“It IS a big deal to drive to Olympia!” Dawn yelled into the phone. Rose countered with, “You’re acting like an 83-year-old. And besides, we’re not driving. Pastor Laura is. We’re just going along for the ride.”
“What if something goes wrong with the car? Her car doesn’t look any too safe to me. And it’s small. What if we won’t fit in the back seat?” Dawn paused after she spoke these words. Even she knew these questions were just silly. Rose was laughing on the other end of the phone line.
“All right. You win, Rose,” Dawn conceded. “When is it?”
“Well, I don’t rightly know,” Rose puzzled. “I think she wants to visit some of her Olympia congregants next week.”
Pastor Laura loved the older members of the church because they were always available for weekday adventures. She had arranged for Rose, Dawn, Pat, and Hazel to come with
her to visit some old church friends in Olympia on a sunny, Wednesday afternoon. The women showed up at 11am, right on time as always, and met at the parsonage.
Rose took one look at the 12-year-old Toyota Corolla’s back seat and did some quick mental calculations on the size of the “bottom halves” of the women standing around the car and immediately called for Shotgun. Pastor Laura stowed the picnic lunch in the small trunk and invited the members of her flock to enter her “chariot.”
Dawn, Pat, and Hazel squeezed into the back seat without a word—thighs touching and overlapping. Rose, in the front seat, was feeling smug about her comfort until Pat said, “Honey, could you move your seat forward just a little?” Rose pulled on the seat adjuster and Pat pushed from the back at the same time. The effect of this push-pull put Rose practically through the windshield. The glove box was pressing on her belly.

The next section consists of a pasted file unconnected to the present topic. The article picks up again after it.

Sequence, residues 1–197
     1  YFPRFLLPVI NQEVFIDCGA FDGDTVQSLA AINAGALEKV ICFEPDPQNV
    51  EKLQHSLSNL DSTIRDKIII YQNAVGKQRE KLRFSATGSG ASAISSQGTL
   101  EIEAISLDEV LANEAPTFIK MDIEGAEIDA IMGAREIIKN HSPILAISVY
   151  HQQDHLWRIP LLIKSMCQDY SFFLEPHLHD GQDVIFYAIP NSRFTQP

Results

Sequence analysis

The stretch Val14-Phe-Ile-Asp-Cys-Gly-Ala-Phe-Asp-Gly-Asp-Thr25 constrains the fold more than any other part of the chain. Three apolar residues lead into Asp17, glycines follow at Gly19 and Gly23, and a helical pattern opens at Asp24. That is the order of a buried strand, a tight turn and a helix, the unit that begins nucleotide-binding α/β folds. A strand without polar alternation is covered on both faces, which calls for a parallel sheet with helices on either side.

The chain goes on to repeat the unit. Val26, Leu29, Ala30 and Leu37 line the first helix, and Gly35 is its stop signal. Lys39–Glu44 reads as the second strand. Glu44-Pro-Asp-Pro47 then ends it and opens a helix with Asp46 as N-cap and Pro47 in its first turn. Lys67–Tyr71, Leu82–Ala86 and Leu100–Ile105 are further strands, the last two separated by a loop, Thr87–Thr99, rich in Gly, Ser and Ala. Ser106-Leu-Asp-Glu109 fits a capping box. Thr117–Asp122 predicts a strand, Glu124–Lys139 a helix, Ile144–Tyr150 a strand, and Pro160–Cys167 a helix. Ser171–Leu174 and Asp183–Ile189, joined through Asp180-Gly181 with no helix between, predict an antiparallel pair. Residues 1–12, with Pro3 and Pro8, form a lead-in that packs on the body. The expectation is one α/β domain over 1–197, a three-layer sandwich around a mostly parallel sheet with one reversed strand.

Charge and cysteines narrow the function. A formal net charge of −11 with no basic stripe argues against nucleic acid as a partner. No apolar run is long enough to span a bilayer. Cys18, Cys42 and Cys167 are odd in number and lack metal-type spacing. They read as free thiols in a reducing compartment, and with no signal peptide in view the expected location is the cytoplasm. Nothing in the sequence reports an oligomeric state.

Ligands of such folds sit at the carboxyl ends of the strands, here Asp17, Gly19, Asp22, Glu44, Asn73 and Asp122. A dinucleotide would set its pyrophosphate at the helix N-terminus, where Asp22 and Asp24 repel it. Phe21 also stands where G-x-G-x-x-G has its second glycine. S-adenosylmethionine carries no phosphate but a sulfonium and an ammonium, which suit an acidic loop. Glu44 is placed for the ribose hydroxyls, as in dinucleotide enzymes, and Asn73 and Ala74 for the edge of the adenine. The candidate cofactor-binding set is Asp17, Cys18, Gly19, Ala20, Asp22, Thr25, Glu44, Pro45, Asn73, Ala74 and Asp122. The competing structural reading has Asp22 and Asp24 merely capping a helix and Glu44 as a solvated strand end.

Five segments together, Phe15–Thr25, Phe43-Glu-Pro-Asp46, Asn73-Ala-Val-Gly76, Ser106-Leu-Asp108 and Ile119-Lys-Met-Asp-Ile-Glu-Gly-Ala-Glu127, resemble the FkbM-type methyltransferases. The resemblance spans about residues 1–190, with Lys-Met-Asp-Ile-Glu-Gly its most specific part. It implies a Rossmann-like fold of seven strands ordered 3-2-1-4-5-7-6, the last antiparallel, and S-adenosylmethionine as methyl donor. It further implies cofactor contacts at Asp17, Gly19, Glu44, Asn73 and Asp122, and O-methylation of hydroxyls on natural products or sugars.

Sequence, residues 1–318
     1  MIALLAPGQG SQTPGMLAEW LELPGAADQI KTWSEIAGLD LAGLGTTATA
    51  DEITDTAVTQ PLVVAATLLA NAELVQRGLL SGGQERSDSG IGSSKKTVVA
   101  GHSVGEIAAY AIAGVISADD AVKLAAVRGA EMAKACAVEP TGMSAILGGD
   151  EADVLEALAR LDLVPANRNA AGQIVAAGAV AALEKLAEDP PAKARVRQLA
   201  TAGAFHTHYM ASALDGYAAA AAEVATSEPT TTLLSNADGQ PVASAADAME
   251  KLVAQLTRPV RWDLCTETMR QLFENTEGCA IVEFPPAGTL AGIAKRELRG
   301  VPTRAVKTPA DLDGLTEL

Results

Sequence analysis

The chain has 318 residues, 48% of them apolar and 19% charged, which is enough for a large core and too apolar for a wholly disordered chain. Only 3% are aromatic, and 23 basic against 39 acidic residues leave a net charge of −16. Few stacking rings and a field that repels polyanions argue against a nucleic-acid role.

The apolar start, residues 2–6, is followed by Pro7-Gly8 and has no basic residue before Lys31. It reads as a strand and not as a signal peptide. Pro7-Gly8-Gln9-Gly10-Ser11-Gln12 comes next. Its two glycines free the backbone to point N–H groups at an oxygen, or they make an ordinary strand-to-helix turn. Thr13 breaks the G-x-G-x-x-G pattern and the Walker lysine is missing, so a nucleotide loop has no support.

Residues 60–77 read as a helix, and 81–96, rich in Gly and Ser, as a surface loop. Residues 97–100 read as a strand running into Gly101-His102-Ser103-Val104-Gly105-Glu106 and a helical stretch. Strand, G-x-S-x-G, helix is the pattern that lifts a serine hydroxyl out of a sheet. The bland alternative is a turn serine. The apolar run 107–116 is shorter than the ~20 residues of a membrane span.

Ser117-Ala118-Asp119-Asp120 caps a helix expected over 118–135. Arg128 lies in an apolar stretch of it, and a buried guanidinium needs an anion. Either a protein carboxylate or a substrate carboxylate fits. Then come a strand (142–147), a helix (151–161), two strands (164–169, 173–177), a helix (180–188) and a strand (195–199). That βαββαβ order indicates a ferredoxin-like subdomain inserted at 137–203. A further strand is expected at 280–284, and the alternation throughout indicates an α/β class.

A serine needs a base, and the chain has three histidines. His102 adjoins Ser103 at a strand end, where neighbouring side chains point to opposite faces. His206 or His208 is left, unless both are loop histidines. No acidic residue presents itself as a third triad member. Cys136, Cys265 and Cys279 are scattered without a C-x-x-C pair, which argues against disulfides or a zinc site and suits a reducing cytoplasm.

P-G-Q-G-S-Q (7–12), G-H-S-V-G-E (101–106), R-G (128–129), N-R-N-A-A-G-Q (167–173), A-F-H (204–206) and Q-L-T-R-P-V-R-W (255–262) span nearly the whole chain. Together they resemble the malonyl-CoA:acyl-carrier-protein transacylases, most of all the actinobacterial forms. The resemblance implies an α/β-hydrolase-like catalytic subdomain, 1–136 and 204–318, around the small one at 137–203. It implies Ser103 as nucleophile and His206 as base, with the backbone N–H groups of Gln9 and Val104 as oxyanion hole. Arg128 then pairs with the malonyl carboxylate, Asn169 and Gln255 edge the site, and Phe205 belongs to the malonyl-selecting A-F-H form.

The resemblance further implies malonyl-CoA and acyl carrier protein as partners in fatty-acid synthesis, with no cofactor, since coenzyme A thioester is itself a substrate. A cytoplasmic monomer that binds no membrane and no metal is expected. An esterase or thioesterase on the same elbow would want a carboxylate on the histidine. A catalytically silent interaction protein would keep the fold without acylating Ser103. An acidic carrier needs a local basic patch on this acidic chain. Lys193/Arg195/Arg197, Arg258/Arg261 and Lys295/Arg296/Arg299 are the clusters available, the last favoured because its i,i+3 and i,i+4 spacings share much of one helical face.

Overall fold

“Ah. Much better. Thanks, Rose.”
“Sure,” Rose choked.
Pastor Laura jumped into the car and started the tentative little engine. “We’re off like a herd of turtles,” she said. Laughter in the car for the first few miles made the comfort issues a little less important.
The Tacoma Dome loomed in the distance and the girls knew we were truly on the road. A bathroom stop was definitely the next thing on the agenda. With a group of 80-something women, this bathroom stop was a very important part of the agenda.
“What in the world was that noise?” cried Pastor Laura and the passengers all screamed like a bunch of girls. Pastor applied the breaks, requested that the screaming stop, and pulled the limping car safely to the side of the busy freeway. Pastor handled the emergency with her usual aplomb. She grabbed her cell phone, called AAA, and arranged for a tow truck.
“I’m so sorry about this, ladies,” Pastor apologized. “But I think we can take this in stride and know that God will take care of us.”
When the tow truck driver arrived, he agreed that the car needed to be towed and asked about other transportation since they couldn’t stay in the car while was being towed.
“Other transportation?” cried Pastor Laura. “Of course none of us has other transportation. We’re staying in this car. It’s too dangerous to even step out of the car. You’re just going to have to tow US with the car.” “Hmpf,” we all nodded. So there!
The frustrated tow-truck driver scowled at the group and walked to his truck to make a call. Within minutes, a huge flatbed truck pulled up. He lowered the back of the flatbed, pulled in the Corolla and raised the bed again. All of this was done with the entire crew of Methodist women in the car. He secured the car and took off with the octogenarian women riding high and looking regal on the back of the truck in their Corolla.
“I hope this guy knows that God is taking care of us,” Rose muttered.
“And I hope God knows that we need a repair shop that has a restroom!” Dawn whimpered.